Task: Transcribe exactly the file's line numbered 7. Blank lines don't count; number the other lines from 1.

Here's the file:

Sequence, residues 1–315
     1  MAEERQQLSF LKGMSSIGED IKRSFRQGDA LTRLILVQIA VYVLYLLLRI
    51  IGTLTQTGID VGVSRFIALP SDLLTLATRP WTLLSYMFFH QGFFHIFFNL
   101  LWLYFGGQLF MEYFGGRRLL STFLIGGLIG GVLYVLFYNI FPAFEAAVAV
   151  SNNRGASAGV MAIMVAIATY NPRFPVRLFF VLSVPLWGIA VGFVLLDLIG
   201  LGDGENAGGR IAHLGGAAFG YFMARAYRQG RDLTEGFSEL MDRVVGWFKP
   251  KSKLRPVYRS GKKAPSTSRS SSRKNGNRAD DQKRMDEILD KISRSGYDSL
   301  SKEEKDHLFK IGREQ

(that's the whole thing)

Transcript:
   251  KSKLRPVYRS GKKAPSTSRS SSRKNGNRAD DQKRMDEILD KISRSGYDSL